The recent case of Cafe de Lecq Limited v R A Rossborough
(Insurance Brokers) Limited amounted to a David v Goliath battle
for the insurance world in Jersey.
It also put an end to the cry "it's in the small
The case has made anyone wishing to rely on an exclusion clause
sit up and take notice; but, more importantly for insurers, it saw
an expert label so-called 'quote engines' as laying the
ground for "the next big miss-selling scandal".
For such an important case the facts are quite simple. On 8 May
2007, Cafe de Lecq burnt down. The cause was agreed to be
overheating of cooking oil by a deep fat fryer.
It was also agreed that the insurer was able to decline payment
on the policy because of a clause stipulating that deep fat fryers
should have a thermostat and automatic cut out system. The fryer in
question had no such safety features.
The case hinged on whether the broker (Rossborough) had
discharged its duty of care to its client (Cafe de Lecq) and the
extent to which that duty may be affected by the experience of the
Jersey's insurance broking industry is regulated by the
Codes of Practice for General Insurance Mediation Business issued
by the Jersey Financial Services Commission. The Code requires that
the broker must demonstrate it has provided the best advice, or
exercised the necessary discretion, appropriate for its
In this case the broker had, in fact, simply sent the
documentation to the client and told them to "check the
details shown on the attached schedule of cover to ensure that they
remain in accordance with your requirements". The Court stated
that the crucial text was "if not quite 'buried' among
other provisions of the policy, far from immediately
The court agreed with an expert that "leaving a client to
find it for himself in the policy quotation, schedule or full
wording is not good enough". A warranty is an onerous
obligation and an important restriction on cover. The assumptions
by the broker that the client was sufficiently experienced fell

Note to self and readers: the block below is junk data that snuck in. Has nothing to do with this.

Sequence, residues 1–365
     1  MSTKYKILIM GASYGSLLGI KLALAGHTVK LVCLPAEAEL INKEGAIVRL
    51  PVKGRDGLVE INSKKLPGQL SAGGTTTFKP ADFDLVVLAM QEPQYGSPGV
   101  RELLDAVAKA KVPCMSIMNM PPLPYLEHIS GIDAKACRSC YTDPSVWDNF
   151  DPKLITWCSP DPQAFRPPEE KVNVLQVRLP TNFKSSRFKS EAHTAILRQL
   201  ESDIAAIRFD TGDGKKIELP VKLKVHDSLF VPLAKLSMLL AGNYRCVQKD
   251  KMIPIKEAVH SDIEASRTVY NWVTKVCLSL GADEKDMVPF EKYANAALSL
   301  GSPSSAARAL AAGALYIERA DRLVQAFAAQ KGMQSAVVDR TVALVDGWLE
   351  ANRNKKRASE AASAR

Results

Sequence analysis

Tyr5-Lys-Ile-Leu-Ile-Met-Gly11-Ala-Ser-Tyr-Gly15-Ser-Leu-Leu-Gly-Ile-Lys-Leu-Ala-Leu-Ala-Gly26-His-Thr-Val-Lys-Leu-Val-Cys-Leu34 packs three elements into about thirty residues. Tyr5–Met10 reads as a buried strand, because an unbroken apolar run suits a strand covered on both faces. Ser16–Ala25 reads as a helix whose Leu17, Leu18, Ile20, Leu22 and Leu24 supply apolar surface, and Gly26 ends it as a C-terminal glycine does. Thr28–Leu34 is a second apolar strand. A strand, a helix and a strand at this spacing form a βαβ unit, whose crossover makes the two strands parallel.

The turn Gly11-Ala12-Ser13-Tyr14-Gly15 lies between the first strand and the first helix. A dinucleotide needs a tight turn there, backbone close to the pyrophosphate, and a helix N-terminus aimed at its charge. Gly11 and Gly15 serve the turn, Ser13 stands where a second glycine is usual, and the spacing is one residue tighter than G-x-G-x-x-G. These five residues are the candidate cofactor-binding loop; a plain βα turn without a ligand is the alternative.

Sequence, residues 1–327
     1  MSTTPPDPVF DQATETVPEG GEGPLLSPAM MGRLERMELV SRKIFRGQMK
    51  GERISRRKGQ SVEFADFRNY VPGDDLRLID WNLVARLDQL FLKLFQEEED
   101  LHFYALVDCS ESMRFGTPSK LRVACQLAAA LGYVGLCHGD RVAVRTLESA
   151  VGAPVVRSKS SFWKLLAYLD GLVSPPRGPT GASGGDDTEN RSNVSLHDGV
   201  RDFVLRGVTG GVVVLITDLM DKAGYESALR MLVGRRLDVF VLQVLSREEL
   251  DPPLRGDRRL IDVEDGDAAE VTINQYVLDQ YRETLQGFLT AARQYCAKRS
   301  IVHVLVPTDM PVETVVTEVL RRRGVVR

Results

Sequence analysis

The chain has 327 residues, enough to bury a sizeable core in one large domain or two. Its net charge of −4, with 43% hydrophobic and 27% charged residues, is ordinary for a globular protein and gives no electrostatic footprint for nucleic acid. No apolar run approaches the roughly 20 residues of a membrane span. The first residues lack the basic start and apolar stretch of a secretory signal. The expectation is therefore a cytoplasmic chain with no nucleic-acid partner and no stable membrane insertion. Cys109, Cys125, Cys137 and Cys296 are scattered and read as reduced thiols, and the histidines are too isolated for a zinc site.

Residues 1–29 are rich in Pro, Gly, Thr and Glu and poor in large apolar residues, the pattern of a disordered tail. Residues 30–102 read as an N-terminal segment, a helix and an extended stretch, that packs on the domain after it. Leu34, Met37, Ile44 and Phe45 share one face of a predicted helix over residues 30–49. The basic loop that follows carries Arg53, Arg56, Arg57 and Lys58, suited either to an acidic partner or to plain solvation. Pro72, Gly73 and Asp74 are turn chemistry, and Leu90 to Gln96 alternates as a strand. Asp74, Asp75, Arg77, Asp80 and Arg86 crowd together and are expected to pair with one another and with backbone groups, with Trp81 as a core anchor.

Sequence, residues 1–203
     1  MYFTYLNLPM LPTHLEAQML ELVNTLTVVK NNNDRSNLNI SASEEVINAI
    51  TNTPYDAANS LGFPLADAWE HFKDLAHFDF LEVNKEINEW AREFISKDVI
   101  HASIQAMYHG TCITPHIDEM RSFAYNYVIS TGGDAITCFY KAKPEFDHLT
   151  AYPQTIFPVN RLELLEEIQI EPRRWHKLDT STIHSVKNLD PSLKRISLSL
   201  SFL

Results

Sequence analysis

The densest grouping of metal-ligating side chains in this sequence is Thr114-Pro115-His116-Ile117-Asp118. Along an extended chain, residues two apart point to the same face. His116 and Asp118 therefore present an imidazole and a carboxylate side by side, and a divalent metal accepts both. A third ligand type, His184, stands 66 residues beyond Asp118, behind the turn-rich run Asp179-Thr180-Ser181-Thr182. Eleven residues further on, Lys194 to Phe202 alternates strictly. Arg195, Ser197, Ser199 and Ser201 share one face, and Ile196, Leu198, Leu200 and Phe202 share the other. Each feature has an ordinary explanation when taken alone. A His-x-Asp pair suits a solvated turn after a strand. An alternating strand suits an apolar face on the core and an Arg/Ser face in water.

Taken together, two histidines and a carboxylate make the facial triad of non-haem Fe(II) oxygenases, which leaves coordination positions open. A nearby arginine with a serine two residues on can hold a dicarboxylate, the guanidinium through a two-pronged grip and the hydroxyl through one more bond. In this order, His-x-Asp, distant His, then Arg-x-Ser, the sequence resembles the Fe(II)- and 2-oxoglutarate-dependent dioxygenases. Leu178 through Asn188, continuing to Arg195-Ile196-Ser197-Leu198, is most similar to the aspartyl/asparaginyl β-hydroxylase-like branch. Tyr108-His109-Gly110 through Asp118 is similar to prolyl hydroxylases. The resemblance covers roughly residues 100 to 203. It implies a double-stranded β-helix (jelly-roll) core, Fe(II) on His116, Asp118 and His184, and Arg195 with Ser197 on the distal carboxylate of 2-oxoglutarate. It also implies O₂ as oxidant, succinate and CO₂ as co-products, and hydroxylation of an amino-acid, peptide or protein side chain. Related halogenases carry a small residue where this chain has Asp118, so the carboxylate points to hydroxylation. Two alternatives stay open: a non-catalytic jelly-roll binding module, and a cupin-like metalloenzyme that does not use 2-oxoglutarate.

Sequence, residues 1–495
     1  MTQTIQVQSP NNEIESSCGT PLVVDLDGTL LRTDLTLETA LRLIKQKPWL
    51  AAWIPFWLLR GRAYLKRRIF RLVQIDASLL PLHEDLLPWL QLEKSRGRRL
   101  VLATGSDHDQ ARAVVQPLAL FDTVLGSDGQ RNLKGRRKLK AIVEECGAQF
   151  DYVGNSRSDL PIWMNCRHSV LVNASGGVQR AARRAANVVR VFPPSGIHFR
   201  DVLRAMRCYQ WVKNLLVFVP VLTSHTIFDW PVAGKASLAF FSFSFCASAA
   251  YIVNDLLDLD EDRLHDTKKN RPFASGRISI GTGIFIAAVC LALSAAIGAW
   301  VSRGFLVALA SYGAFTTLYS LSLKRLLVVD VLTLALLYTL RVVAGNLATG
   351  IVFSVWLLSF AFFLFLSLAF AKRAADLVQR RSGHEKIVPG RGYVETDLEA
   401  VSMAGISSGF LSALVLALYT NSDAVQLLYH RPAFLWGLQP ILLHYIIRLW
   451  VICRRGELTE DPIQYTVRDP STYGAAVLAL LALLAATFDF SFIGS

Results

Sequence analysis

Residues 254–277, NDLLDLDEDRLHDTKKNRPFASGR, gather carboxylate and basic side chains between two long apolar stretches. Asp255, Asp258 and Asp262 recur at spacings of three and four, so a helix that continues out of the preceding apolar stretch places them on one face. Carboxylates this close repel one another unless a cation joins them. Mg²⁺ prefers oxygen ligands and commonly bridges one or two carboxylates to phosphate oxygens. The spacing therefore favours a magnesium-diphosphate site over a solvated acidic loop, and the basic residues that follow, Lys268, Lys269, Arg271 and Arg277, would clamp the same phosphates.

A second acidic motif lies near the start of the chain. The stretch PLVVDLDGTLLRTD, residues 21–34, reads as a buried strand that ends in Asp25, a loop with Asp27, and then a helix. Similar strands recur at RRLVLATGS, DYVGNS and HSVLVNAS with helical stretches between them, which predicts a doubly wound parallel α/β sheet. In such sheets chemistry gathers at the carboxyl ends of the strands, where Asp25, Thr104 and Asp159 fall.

below the standard required.
The Court found that reliance on a so-called 'quote
engine' played a role in the broker's shortcomings. The
software enabled the broker to offer quotations on behalf of, but
without further reference to, the insurer. The process depends on
the broker using information supposedly gleaned from the client.
However, default settings meant that any information insufficiently
explored with the client could lead to arbitrary assumptions being
incorporated in the quotation. The broker conceded that to a
"large extent" he had populated the software with
information not specifically discussed with the client. This, the
court said, placed the broker more closely allied to the insurer
than is healthy.
The Court found the client/broker relationship is pivotal. The
whole premise of that relationship was that "it should
accomplish something over and above what the client could do for
himself were he to approach an insurer direct". That had
clearly not happened in this case.
The warnings are clear. If you wish to rely on an unusual,
limiting or exempting provision then it must be brought to the
client's attention. It may be necessary to take a step back
from automated processes when setting up contracts and it may also
be prudent to consider any contracts that have been automatically
generated. There may be a time bomb ticking in your filing waiting
to go off.
The content of this article is intended to provide a general
guide to the subject matter. Specialist advice should be sought
about your specific circumstances.
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